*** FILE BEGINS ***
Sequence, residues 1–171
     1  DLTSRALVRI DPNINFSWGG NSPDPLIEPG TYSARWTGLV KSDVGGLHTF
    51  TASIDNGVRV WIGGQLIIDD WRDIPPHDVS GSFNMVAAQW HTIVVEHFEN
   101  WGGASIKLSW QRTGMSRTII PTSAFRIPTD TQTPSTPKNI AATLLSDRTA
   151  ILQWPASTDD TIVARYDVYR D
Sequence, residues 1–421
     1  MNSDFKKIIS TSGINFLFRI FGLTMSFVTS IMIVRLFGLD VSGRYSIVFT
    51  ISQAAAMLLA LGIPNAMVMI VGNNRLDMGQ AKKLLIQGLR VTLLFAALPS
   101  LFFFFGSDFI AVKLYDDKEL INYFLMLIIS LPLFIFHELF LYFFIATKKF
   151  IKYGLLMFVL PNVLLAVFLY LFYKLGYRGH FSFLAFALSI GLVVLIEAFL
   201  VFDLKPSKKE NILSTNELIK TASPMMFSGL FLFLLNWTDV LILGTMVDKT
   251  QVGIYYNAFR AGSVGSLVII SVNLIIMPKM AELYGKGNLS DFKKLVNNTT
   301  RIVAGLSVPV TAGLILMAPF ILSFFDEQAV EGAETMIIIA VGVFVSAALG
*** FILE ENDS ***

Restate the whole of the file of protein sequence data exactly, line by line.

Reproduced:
Sequence, residues 1–171
     1  DLTSRALVRI DPNINFSWGG NSPDPLIEPG TYSARWTGLV KSDVGGLHTF
    51  TASIDNGVRV WIGGQLIIDD WRDIPPHDVS GSFNMVAAQW HTIVVEHFEN
   101  WGGASIKLSW QRTGMSRTII PTSAFRIPTD TQTPSTPKNI AATLLSDRTA
   151  ILQWPASTDD TIVARYDVYR D
Sequence, residues 1–421
     1  MNSDFKKIIS TSGINFLFRI FGLTMSFVTS IMIVRLFGLD VSGRYSIVFT
    51  ISQAAAMLLA LGIPNAMVMI VGNNRLDMGQ AKKLLIQGLR VTLLFAALPS
   101  LFFFFGSDFI AVKLYDDKEL INYFLMLIIS LPLFIFHELF LYFFIATKKF
   151  IKYGLLMFVL PNVLLAVFLY LFYKLGYRGH FSFLAFALSI GLVVLIEAFL
   201  VFDLKPSKKE NILSTNELIK TASPMMFSGL FLFLLNWTDV LILGTMVDKT
   251  QVGIYYNAFR AGSVGSLVII SVNLIIMPKM AELYGKGNLS DFKKLVNNTT
   301  RIVAGLSVPV TAGLILMAPF ILSFFDEQAV EGAETMIIIA VGVFVSAALG